Evidence-based approach to spending works for tech, why not the rest of government?
Lessons the White House has learned about using quantitative data to make federal information technology projects more efficient and effective can be put to use helping non-technology government programs as well, federal Chief Information Officer Steven VanRoekel told an industry group on Friday.
President Obama’s fiscal 2014 budget request includes $14 million for a data driven innovation fund, $8 million of which would go to existing programs to make information technology projects more efficient and $6 million of which would be directed to non-IT initiatives across government.
“This is going to be very data driven, very rigorous and transparent,” VanRoekel told members of the Armed Forces Communications and Electronics Association’s Bethesda chapter. “We will collect data and we’ll put that data online. We’re going to start to bring in behavioral scientists to figure out low cost intervention ways of driving behavior.”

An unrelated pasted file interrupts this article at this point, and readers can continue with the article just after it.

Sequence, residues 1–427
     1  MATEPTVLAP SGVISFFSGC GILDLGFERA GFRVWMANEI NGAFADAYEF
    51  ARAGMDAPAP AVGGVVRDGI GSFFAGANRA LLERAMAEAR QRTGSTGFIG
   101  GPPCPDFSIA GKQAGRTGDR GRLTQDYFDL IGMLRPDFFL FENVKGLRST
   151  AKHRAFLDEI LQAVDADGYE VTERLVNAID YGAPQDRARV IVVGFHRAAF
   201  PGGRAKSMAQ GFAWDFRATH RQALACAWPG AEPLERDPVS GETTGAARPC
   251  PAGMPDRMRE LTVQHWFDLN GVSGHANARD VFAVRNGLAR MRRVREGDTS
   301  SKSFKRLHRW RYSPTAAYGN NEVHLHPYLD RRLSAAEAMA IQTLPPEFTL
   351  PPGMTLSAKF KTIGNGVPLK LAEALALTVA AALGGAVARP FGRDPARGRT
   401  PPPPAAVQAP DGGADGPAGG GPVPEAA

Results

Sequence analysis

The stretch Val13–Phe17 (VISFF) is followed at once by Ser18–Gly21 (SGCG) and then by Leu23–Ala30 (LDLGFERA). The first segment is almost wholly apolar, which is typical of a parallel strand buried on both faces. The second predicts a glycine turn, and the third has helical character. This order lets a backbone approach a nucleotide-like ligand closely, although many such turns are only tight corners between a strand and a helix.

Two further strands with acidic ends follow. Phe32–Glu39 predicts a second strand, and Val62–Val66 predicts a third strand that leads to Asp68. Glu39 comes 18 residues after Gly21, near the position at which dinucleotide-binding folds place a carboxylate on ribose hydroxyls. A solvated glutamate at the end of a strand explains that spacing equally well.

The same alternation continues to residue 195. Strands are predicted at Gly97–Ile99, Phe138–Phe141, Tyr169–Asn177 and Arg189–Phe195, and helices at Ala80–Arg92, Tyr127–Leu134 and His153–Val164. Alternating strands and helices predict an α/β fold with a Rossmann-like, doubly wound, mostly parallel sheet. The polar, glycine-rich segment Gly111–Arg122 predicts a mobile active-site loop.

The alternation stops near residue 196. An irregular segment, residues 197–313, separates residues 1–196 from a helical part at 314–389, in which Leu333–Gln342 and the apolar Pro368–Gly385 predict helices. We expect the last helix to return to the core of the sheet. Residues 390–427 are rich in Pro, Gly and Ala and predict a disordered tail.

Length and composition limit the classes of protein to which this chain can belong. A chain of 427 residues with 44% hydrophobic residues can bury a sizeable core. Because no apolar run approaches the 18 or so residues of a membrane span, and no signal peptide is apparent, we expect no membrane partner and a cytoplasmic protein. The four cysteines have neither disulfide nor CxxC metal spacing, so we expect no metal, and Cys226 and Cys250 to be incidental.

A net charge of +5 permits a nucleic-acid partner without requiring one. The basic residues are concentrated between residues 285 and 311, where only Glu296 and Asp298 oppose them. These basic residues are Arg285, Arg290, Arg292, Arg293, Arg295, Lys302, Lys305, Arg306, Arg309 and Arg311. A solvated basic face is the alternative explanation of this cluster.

As an example of behavioral intervention, VanRoekel cited a British government study that sent a series of different letters to delinquent taxpayers. It turned out the letter that told people how many of their neighbors had paid their taxes on time had better results than letters that didn’t invoke any peer pressure.
Part of the IT-focused portion of the fund will be devoted to expanding VanRoekel’s PortfolioStat program, a top-to-bottom review of how agencies are spending and saving money in their IT budgets. VanRoekel has credited PortfolioStat with saving the government $300 million so far and with identifying an additional $2.5 billion in potential savings.
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